Oddities of London

Jot 101 Oddities of London Golden Boy picAbstracted from The Good Time Guide to London(1951)


The statue of George IV in Trafalgar Square shows the king, without boots or spurs, riding a horse without saddle or stirrups.


True. Incidentally,  Sir Francis Chantrey’s bronze of 1829 was originally made for Marble Arch.


On the floor of the entrance hall of the National Gallery is a mosaic of Great Garbo.


True .The Bloomsbury set mosaic artist Boris Anrep was commissioned to provide a number of art works for the Gallery based on specific themes and featuring a number of contemporary figures. On the half-way landing the actress Great Garbo appears as Melpomeme in ‘ The Awakening of the Muses ‘. 


On October 23rd, 1843, a few days before the statue of Nelson was erected, 14 persons ate a rump steak dinner on the top of Nelson’s column


True .Doubtless Punch ( founded 1841) would have had something witty to say about this matter. Continue reading

Coventry Patmore rejects his uninspiring ‘vegetables’

The poet who composed the long love poem, The Angel of the House, which appeared in four volumes from 1854, became, like many of his generation, a convert to Catholicism, and so his remarks, voiced in a letter to the editor of the Spectator  regarding a bust of Cardinal Newman by the pre-Raphaelite sculptor Thomas Woolner, come as no real surprise.

The original letter, written from Hastings, was discovered in a pile of similar autographed material.

‘It may interest some of the readers of a Paper which has shewn so special an interest in and affection of Cardinal Newman, that by very much the finest likeness of him in existence is the bust which was made of him some ten or fifteen years ago by Thomas Woolner…I was once in a room containing first-rate busts of all the most famous men of the past generation. That of Newman made all the others look like vegetables, so wonderfully was it loaded with the great Cardinal’s weight of thought and character.’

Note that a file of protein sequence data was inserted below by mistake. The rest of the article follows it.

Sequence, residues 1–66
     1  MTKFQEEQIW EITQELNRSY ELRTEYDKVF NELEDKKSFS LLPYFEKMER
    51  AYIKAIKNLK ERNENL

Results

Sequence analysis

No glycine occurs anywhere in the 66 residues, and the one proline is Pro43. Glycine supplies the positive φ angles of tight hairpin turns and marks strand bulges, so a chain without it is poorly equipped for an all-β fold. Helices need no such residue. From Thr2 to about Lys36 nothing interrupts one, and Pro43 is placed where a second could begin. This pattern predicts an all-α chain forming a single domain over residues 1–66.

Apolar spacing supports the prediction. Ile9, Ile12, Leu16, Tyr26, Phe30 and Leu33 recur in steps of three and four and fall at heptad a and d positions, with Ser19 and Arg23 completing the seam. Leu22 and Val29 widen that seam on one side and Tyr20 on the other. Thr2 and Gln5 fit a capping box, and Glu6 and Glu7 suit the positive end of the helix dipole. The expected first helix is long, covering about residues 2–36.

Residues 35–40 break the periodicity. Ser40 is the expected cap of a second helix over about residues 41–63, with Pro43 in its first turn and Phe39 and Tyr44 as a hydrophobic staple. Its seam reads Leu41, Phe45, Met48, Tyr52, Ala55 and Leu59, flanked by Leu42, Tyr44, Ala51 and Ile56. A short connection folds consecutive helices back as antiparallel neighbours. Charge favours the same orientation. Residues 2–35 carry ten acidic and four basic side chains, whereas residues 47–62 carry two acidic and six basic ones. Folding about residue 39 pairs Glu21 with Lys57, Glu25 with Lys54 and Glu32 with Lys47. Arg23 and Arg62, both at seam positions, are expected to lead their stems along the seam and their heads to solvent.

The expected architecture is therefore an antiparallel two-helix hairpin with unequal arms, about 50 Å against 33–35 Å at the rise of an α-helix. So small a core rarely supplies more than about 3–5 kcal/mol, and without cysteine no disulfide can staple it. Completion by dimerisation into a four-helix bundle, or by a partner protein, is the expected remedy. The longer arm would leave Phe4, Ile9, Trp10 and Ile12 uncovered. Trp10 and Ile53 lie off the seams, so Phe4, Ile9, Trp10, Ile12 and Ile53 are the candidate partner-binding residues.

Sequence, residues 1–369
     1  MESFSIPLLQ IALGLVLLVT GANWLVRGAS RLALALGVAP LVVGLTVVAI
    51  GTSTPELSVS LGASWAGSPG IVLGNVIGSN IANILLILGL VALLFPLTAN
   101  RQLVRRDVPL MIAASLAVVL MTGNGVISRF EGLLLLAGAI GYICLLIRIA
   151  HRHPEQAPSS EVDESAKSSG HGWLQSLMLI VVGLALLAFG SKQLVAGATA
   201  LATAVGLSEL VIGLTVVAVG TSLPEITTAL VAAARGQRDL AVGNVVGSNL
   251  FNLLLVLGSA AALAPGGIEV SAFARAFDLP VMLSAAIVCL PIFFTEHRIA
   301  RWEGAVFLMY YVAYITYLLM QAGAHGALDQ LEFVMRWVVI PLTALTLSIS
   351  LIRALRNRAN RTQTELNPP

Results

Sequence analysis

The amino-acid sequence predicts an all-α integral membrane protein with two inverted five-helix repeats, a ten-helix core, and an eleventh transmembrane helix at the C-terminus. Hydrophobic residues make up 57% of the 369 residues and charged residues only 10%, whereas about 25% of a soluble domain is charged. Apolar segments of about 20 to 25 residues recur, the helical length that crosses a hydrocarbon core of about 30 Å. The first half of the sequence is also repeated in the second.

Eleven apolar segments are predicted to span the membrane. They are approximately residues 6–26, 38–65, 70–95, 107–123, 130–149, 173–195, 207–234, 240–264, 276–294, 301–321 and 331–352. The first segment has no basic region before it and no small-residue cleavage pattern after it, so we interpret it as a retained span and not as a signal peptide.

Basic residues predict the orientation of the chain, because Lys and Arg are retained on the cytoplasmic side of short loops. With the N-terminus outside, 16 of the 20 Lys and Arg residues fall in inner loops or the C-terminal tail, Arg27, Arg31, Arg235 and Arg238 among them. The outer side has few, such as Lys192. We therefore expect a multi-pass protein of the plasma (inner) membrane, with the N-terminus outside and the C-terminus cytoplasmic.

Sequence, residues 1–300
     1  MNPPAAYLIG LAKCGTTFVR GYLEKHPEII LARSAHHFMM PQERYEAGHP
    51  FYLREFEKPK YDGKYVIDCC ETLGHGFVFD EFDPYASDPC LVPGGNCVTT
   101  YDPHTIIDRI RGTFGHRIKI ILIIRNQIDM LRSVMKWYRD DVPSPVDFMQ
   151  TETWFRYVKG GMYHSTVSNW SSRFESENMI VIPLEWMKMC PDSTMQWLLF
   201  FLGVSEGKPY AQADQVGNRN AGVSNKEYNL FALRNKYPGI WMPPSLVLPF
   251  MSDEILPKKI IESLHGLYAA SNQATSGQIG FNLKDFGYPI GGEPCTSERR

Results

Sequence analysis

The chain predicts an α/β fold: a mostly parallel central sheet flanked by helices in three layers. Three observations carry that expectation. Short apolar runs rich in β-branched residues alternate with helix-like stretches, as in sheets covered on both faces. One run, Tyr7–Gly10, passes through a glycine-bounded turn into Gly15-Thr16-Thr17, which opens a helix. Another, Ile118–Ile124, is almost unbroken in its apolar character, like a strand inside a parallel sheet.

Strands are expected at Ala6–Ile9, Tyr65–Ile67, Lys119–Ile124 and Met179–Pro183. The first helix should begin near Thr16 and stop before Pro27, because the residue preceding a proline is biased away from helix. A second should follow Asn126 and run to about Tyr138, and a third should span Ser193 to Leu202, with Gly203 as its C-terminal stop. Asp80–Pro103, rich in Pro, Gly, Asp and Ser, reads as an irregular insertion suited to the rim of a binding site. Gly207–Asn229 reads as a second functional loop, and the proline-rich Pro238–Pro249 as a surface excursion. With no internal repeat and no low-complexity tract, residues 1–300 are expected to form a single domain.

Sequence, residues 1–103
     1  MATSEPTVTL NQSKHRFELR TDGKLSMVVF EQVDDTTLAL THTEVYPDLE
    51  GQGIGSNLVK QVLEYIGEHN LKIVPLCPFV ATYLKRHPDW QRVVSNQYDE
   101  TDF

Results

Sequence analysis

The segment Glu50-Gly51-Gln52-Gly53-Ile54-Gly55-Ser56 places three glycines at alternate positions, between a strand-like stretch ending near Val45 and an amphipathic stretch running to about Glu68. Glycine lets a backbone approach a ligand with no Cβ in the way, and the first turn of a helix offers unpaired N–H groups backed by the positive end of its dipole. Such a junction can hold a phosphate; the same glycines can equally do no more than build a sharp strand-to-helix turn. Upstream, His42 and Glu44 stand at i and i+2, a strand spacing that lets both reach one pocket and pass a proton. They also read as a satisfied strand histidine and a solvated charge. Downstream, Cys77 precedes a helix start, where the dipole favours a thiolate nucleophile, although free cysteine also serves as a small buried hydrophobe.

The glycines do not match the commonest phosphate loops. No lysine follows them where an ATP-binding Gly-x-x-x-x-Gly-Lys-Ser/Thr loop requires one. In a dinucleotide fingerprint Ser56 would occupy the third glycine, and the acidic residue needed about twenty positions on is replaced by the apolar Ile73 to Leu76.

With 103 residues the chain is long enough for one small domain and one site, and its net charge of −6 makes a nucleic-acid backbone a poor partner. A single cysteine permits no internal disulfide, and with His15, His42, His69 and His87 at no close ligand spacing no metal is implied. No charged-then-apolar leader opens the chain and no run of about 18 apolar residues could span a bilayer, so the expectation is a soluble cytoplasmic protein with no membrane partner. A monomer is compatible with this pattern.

We don’t know who the sitters for other busts were, or the identity of the sculptors, but we do know that as a friend of Woolner, as indeed he was of Dante Rossetti, W. Holman Hunt, and other Pre-Raphaelites, Patmore was bound to defend the merits of the Newman bust over perhaps some more conventional works of art. As a child, Patmore himself wanted to be an artist and at the age of fifteen won the Silver Palette of the Society of Arts. The poverty of his father made such an ambition impossible and Patmore ended up in the British Museum library. In later life, spurred on by his association with the Pre-Raphaelites, he wrote on Art, but he is best known today as the author of The Angel of the House, although it is generally recognised that his best poems, which have strong spiritual qualities, were written towards the end of his life. [R R]

Losing his marbles…

Sent in by a loyal jotwatcher. We have had many heavily annotated review copies, some angrily, some with further scholarship, praise or damning criticism.The Hon. Michael  Foot was a good customer at our West End shop and was much liked. He spent money, which is always endearing. He could get behind a cause and was in his way a powerful man...one of the 'great and the good' - like the late, lamented Tony Benn. Thanks for emailing this in:

This letter was discovered in Michael Foot’s review copy of William St Clair’s Elgin Marbles (1998), which was inscribed to the reviewer by the author. Judging by the angry-looking pencil marks  in the margin, Foot was mainly interested in Chapter 24,which focused on the cavalier way in which British Museum ‘cleaners’ under the direction of the egregious Lord Duveen, rightly condemned by St Clair as an  ‘unscrupulous art dealer’, damaged for ever the surface of most of the Marbles back in the mid ‘thirties.

The publication of St Clair’s exposé—particularly  his accusations that  a cover-up by the PR department and curatorial staff of the Museum-- over the past few decades, prevented the scandal emerging much earlier, caused a huge rumpus at the time. Worse still, the subsequent further threats and bullying of external experts and the Press that followed the publication of the book, reverberates even today. St Clair was particularly incensed by the sneering review of his book by one Ian Jenkins, a supposed ‘expert’ at the BM, who referred to the author as an ‘ amateur’ and who stated quite erroneously that only ten percent of the Marbles had been damaged.

The whole truth has yet to be exposed.